At that time, it was largely only the gentry and aristocracy who were allowed to participate in athletics. Until then all that was Irish was being steadily eroded by emigration, intense poverty and outside influences.
On October 11 1884 an article, written by Cusack, called ‘A Word about Irish Athletics’ appeared in the United Ireland and The Irishman. These articles were supported a week later by a letter from Maurice Davin, one of three Tipperary brothers, who had dominated athletics for over a decade and who gave his full support to the October 11 articles.
A week later Cusack submitted a signed letter to both papers announcing that a meeting would take place in Hayes’s Commercial Hotel, Thurles on November 1 1884.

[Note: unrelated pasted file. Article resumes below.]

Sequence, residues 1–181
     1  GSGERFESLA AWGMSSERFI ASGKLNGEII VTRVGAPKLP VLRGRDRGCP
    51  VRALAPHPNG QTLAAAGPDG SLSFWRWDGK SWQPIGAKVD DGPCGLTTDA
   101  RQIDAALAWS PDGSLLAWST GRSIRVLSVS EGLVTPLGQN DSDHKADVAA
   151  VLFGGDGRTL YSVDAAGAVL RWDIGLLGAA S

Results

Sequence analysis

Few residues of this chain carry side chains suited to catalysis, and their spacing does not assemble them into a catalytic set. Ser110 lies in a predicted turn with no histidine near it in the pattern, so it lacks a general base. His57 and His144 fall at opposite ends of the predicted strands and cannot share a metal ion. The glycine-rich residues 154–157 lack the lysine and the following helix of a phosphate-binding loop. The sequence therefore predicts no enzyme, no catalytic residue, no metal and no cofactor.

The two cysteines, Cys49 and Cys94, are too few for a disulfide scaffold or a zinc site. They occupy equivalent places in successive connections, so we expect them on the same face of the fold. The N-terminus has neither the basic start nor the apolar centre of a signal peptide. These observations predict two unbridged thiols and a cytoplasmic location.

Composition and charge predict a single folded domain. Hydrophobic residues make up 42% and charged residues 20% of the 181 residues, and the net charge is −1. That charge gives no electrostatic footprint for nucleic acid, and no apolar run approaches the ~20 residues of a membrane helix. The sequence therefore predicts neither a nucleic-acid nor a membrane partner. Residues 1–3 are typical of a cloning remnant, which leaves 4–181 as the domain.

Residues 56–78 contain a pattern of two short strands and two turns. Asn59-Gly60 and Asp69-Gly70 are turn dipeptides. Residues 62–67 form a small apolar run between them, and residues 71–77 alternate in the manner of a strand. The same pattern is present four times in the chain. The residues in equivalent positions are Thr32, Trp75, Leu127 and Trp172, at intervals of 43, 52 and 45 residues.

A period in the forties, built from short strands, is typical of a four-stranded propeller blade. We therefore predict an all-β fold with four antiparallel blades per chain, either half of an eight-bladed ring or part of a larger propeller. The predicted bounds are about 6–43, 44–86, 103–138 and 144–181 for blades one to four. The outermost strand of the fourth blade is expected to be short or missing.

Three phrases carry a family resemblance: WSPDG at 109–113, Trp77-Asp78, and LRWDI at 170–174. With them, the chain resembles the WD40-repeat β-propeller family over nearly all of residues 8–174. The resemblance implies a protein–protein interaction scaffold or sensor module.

On this historic date Cusack convened the first meeting of the ‘Gaelic Athletic Association for the Preservation and Cultivation of national Pastimes’. Maurice Davin was elected President, Cusack, Wyse-Power and McKay were elected Secretaries and it was agreed that Archbishop Croke, Charles Stewart Parnell and Michael Davitt would be asked to become Patrons.
Within six months of that famous first meeting, GAA clubs began to spring up all over Ireland and people began to play the games of Hurling and Gaelic Football and take part in Athletic events with pride.